Huntworth Bridge over the Bridgwater and Taunton Canal
|Huntworth shown within Somerset|
|OS grid reference|
|Sovereign state||United Kingdom|
|Postcode district||TA5, TA6, TA7|
|Police||Avon and Somerset|
|Fire||Devon and Somerset|
|EU Parliament||South West England|
Huntworth is a small hamlet and farming community (population approximately 50), within the civil parish of North Petherton 1 mile (1.6 km) east of the M5 motorway 3 miles (4.8 km) from Bridgwater, Somerset, England.
When the Bridgwater and Taunton Canal was opened in 1827 it joined the River Parrett by a lock at Huntworth, where a basin was constructed, but in 1841 the canal was extended to a floating harbour in Bridgwater, and the Huntworth link was filled in. The canal and river were not re-connected at this point when the canal was restored, because the Parrett is by then a salt water river laden with silt, whereas the canal contains fresh water. Not only is there a risk of silt entering the canal, but the salt water cannot be allowed to contaminate the fresh, as the canal is still used for the transport of drinking water for Bridgwater's population.
Beam Wireless Station
The Imperial Wireless Chain, also known as the Empire Wireless Chain, was a strategic international wireless telegraphy communications network, created to link the countries of the British Empire.
Between 1929 and 1940 Huntworth was the site of the "Bridgwater" Beam Wireless Station, which received HF communications from Drummondville and Yamachiche in Canada, and Kliphevel (now Klipheuwel) and Milnerton in South Africa, working with an associated transmitter station at Bodmin.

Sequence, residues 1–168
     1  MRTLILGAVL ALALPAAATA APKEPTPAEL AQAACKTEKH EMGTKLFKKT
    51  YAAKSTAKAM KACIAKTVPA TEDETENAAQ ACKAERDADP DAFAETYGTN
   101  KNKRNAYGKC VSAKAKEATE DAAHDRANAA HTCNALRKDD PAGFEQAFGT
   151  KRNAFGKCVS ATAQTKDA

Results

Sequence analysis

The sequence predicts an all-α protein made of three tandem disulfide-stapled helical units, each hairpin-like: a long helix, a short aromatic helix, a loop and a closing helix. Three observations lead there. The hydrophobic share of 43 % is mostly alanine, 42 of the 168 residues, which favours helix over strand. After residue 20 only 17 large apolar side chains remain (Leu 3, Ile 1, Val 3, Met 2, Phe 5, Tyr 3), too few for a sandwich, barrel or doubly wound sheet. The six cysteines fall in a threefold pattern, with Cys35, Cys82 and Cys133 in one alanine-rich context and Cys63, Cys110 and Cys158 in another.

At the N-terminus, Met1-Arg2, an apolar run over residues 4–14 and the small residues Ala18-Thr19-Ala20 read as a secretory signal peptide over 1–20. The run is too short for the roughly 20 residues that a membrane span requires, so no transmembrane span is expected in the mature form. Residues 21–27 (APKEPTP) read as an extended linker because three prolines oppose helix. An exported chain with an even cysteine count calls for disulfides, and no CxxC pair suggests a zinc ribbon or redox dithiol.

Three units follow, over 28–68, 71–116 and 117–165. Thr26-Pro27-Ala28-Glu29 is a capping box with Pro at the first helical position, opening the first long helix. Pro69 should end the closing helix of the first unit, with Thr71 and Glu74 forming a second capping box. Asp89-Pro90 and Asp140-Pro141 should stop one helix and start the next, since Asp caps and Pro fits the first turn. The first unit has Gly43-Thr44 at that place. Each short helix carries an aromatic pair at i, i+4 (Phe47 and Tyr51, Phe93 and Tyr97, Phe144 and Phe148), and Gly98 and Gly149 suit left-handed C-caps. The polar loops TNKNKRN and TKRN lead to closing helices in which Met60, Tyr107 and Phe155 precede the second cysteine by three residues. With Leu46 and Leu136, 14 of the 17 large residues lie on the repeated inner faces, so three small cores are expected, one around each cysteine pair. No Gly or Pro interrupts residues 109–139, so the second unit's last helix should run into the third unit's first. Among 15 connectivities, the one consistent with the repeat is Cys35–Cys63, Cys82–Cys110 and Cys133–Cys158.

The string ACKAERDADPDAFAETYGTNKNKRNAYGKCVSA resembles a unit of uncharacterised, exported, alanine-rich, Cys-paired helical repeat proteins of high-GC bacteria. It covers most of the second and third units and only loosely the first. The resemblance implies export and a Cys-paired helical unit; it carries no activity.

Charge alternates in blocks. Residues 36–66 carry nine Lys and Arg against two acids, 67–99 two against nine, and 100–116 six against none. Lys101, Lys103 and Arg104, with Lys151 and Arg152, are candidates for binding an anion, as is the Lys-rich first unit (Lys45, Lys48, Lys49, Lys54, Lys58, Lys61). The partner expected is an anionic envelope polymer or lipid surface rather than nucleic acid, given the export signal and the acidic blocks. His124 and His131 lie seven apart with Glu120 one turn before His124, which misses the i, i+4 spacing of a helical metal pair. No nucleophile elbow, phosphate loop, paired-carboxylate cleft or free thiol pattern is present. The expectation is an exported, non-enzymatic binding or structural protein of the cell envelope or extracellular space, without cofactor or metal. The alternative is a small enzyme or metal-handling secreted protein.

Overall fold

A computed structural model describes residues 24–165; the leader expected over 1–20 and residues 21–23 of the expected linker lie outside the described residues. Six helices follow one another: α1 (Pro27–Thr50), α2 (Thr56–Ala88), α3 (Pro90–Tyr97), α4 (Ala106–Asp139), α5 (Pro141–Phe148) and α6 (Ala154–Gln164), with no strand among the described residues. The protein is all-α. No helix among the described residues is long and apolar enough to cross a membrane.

Each aerial for the Beam Wireless Station stretched to nearly half a mile (0.78 km) long, and consisted of a row of five 277 feet (84 m) high lattice masts, erected in a line at 640-foot (200 m) intervals and at right angles to the overseas receiving station. These were topped by cross-arm measuring 10 feet high by 90 feet wide (3m x 27.4m), from which the vertical wires of the aerial were hung, forming a 'curtain antenna'.
Although the site has long since closed, and all the equipment has been removed, the facility is remembered in the naming of 5 properties in the village as Beam Wireless Station.
The manor of Huntworth was acquired in the late 13th century by the de Popham family of Popham, Hampshire, which senior family died out in the male line on the death of Sir Stephen Popham (c. 1386 – 1444), five times MP for Hampshire. The Popham family of Huntworth was more prominent and longer-lived than the Pophams of Popham. The most prominent member of the Huntworth line was Sir John Popham (1531–1607), Lord Chief Justice of England from 1592 until his death. His monument survives in the nearby Church of St John the Baptist in Wellington.
The Bridgwater Canalside Centre provides an entertainment and meeting venue.
- Charles Hadfield, (1967), The Canals of South West England, David and Charles, ISBN 0-7153-4176-6
- Taunton Civic Society, Taunton's Waterways
- Bridgwater Docks, (photographic record)
- Beam Wireless Papers Past, Evening Post (New Zealand), published 1927-10-05, accessed 2010-10-03
- "POPHAM, Edward (1581–1641), of Huntworth, Som.". History of Parliament. Retrieved 3 September 2014.
- "POPHAM, Sir Stephen (c.1386-1444), of Popham, Hants.". History of Parliament. Retrieved 3 September 2014.
- Leete-Hodge, Lornie (1985). Curiosities of Somerset. Bodmin: Bossiney Books. p. 67. ISBN 0-906456-98-3.
- "Screech Owl". Natural England. Retrieved 25 August 2015.
Media related to Huntworth at Wikimedia Commons